CKD Stages G4 and G5

Identifying patients with CKD stage G3

Patients with an eGFR of 15-29 ml/min/1.73m2 have CKD stage G4 which represents significant impairment of kidney function.

Patients with an eGFR of <15 ml/min/1.73m2, or who require some form of dialysis, have CKD stage G5 which is often referred to as End-Stage Renal Failure (ESRF). This CKD stage represents patients with the lowest level of kidney function.

Creatinine and eGFR in an individual are usually quite stable. Deteriorating renal function needs rapid assessment. 

Note that CKD staging and management outlined below are only applicable to stable renal function.

Initial assessment of CKD stage G4

Initial assessment is identical to CKD Stage G3 but, in contrast to Stage G3, referral to or discussion with a specialist service will be usual. Exceptions to ‘always refer or discuss’ may include patients in whom:

  • Severe renal impairment is part of another terminal illness
  • All appropriate investigations have been performed and there is an agreed and understood care pathway
  • Further investigation and management are clearly inappropriate.

If assessment is precipitated by a first discovery of an elevated serum creatinine level it is important to ensure that the renal function is stable. Previous blood tests, if available, will give you the answer. If no previous blood tests are available, and the patient is well with no other worrying features (e.g. high potassium, symptoms of bladder outflow tract obstruction, severe hypertension), repeat the test within 14 days. Patients with deteriorating renal function require rapid assessment.

In addition to referring these patients for specialist assessment in the majority of cases, patients should be evaluated with particular reference to the following points:

  • Clinical assessment – If the patient is clinically unwell, consider telephoning for advice and to discuss expediting specialist assessment. Undertake an assessment of volume status (i.e. hypo- and hyper-volaemia) and for symptoms or signs suggestive of renal tract obstruction (e.g. a palpable bladder).
  • Medication review – any potentially nephrotoxic drugs, or drugs that need dose alterations when GFR reduced? Remember non-prescribed and over the counter medications, e.g. NSAIDs.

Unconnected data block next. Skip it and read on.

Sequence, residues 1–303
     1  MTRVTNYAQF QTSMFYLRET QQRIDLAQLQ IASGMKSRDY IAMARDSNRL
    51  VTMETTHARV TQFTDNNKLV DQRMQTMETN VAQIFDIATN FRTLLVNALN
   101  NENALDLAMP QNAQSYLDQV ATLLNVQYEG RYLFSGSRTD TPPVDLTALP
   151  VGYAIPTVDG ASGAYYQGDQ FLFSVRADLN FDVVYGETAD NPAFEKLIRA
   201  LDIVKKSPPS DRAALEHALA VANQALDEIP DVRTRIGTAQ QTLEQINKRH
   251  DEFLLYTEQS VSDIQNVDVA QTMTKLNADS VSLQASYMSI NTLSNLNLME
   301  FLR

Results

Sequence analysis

• Urine tests: dipstick for blood and quantitation of proteinuria by ACR/PCR. Presence of haematuria or proteinuria may suggest intrinsic renal disease (in contrast to pre- or post- renal disease).
  • Blood tests: K, Ca, PO43-, Hb.
  • Imaging – It is recommended to have a low threshold for performing an ultrasound scan in these patients to rule out a structural explanation and to provide additional clues about the aetiology and chronicity (i.e. renal size, cortical thickness, cortico-medullary differentiation). Consider requesting a scan urgently if there is a strong clinical suspicion of obstructive uropathy or prominent lower urinary tract symptoms. Consider requesting imaging at the same time as referring the patient for specialist assessment. (i.e. ordinarily referral to renal services should not be delayed pending the results of imaging studies).

Management of CKD stage G4 and G5

In the majority of cases, the ongoing management of these patients will either be undertaken or closely supervised, by a renal specialist. The aims of management for patients with CKD stages G4 and G5 are to try and slow the progression of CKD, identify and treat the complications of CKD, reduce the incidence of cardiovascular disease and to allow timely and informed decision making regarding the management of end-stage renal failure.